What’s in your pantry, people? Do you still have marmalade that you made last winter?
Around here, the marmalade eating can’t possibly keep up with the marmalade making, so I need lots of ideas for using up what’s left over from one season to the next. Because the holiday gears are starting to turn, I thought I’d use some of my Alaskan lowbush cranberries (a.k.a. lingonberries) to make a nice cranberry relish with a marmalade mix-in. I chose a jar of Meyer Lemon-Rangpur Lime marmalade from a batch that tastes great but set too soft. I also added some chopped Honeycrisp apples, because they happened to be sitting on the counter and they looked right for the job.
I wrote out the instructions for what I did, below, but I think there are a ton of ways to make something like this and you should experiment with whatever kinds of cranberries and marmalade you have or can get. (Case in point: For a lovely, simple version using a marmalade that set a bit too firm, check out Kaela’s cranberry marmalade sauce.) Keep what you make in the fridge, or freeze it and use it up pretty soon, because it’s not a good idea to open a jar of last year’s preserves and re-can them for another year.
Finally, if cranberry marmalade relish doesn’t make your skirt fly up, I got lots of help putting together a roundup of great links to other things you can do with marmalade — so read on!
Lowbush Cranberry Marmalade Relish
3 cups lowbush cranberries (lingonberries)
4 small apples, peeled, cored, and chopped into 1-inch pieces (I used Honeycrisp)
1/2 cup water
1 cup marmalade of choice (I used Meyer Lemon-Rangpur Lime)
3/4 cup sugar (or to taste)
In a 4-quart nonreactive saucepan, combine the cranberries, apple pieces, and water. Simmer until the berries pop and the apples soften, about 10 minutes. Stir in the marmalade and sugar, return the mixture to a boil, reduce the heat, and simmer 3-5 minutes more, until the mixture has thickened somewhat and the bubbles have settled and become shiny. Remove the mixture from the heat and skim foam if necessary. Allow the relish to cool to room temperature and transfer to jar or other container for fridge or freezer.
Makes about 4 cups.
Now, here’s a long list of other ways you can get ready for this year’s citrus-fest by using up your older jars of marmalade. For so many great ideas, I thank the recipe creators and friends on the H2H Facebook page who shared their favorite ways to take marmalade beyond toast.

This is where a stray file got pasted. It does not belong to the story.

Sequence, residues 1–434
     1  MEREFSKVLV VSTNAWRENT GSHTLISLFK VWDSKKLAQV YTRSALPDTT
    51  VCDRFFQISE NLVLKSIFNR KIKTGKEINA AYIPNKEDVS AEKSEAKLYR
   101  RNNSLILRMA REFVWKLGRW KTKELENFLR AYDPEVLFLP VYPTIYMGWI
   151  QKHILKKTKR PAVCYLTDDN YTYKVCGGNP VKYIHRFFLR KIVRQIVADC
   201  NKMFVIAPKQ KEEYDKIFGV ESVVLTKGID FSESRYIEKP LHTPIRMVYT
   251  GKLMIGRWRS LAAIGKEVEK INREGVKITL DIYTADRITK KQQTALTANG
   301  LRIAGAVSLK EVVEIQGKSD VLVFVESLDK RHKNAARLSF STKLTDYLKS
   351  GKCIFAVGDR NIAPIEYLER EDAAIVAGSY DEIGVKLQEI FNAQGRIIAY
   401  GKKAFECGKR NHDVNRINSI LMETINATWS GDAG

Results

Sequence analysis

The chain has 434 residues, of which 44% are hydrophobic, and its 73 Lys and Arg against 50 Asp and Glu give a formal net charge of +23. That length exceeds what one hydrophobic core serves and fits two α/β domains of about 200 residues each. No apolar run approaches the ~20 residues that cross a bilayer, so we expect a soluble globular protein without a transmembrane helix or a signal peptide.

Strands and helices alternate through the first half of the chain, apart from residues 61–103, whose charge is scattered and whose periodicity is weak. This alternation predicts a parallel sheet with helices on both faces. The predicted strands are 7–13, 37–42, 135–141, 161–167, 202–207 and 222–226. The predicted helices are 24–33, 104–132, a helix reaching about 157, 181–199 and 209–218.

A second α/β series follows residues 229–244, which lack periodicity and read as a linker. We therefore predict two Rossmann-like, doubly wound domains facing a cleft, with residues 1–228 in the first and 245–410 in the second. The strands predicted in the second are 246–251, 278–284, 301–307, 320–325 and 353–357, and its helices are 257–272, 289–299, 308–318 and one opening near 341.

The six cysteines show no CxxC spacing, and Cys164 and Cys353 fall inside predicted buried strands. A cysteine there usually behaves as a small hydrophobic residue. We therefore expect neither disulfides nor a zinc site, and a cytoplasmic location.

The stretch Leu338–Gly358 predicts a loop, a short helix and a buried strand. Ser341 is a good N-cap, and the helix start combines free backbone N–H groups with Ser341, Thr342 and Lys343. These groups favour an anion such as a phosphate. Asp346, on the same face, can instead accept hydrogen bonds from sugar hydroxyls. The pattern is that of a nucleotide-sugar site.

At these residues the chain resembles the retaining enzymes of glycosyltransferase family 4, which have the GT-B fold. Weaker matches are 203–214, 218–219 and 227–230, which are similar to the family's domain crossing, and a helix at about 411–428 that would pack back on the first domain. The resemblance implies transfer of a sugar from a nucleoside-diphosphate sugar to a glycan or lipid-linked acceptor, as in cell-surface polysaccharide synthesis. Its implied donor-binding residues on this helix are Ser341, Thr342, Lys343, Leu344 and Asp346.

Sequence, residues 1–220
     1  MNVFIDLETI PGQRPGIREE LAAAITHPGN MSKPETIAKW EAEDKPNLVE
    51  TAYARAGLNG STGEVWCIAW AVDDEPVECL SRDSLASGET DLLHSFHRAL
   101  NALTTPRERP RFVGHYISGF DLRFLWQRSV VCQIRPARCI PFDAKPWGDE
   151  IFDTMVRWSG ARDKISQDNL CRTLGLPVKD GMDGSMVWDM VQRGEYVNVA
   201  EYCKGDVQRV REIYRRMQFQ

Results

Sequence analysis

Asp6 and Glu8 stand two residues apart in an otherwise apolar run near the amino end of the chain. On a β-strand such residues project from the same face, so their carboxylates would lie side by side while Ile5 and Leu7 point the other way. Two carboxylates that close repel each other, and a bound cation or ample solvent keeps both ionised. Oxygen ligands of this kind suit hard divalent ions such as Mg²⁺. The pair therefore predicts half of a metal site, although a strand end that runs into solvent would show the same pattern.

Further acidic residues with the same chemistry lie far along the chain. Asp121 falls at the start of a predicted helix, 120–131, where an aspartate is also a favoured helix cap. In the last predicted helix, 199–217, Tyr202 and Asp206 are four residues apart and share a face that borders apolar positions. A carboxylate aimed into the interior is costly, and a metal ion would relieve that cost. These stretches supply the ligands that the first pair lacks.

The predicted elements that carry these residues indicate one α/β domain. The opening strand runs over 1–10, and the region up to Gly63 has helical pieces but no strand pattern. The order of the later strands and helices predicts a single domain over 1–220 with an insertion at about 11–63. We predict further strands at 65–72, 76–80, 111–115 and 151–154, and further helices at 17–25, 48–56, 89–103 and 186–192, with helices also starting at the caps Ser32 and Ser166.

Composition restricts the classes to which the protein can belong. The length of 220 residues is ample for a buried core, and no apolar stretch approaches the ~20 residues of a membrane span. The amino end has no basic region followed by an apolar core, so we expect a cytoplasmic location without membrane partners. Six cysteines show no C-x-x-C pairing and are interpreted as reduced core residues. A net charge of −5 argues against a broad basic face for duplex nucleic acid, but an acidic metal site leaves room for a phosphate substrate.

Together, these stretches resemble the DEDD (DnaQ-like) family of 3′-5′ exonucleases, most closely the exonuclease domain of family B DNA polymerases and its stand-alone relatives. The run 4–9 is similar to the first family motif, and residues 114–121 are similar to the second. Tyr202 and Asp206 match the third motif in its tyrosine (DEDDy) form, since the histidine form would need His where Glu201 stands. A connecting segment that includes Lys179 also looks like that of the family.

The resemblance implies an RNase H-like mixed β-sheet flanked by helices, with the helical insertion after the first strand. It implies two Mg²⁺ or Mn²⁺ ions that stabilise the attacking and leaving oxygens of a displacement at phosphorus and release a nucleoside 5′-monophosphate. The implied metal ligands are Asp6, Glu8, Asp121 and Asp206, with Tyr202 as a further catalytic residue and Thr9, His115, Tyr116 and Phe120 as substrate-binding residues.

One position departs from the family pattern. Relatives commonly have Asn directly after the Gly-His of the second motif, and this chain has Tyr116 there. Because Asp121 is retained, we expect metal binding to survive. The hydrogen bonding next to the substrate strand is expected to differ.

- Gluten-Free Almond Orange Marmalade Muffins, from Gluten Free Mommy
- Heirloom Pumpkin Soup with Grapefruit Marmalade, from Grow It Cook It Can It
- Hot Milk Cake (split and filled with marmalade), from Auburn Meadow Farm
- Jamsicles! (I know, it’s cold outside. But still, you could.)
- Last-of-the-Marmalade Roly Poly, from Dan Lepard
- Lemon Thumbprint Cookies with Blood Orange Marmalade from eat make read. (Not just another thumbprint!)
- Marmalade Glazed Chicken, from Cooks.com (I made this myself, using — again — the Meyer-Rangpur marmalade. It was easy to prepare and quite good.)
- Marmalade Glazed Ham, from Martha Stewart
- Marmalade Quick Bread, from What Julia Ate
- Marmalade Shrimp, from OregonLive
- Marmalade Sour (and more about marmalade cocktails), from Serious Eats
- Meyer Lemon Cake, from The Hip Girl’s Guide to Homemaking
- Meyer Lemon Pork Rolls, from Local Kitchen
- Orange Marmalade Cookies, from White on Rice Couple
- Orange Marmalade Truffles, from CHOW
- Steamed Jam Pudding, from Tigress In a Jam (We have it on good authority that it’s fab with marmalade, too.)
You can also take a look at the discussion on Facebook for more tips, like Dierdre’s suggestion to use a spoonful of marmalade to deglaze the pan after cooking pork (that one made my mouth water) or Diana’s recipe for jam cake, which she generously typed out right there on the page. If you’ve got a suggestion to add, please do leave a comment here.
It’s almost Thanksgiving, and I am definitely feeling the love for my fellow fruit preservers!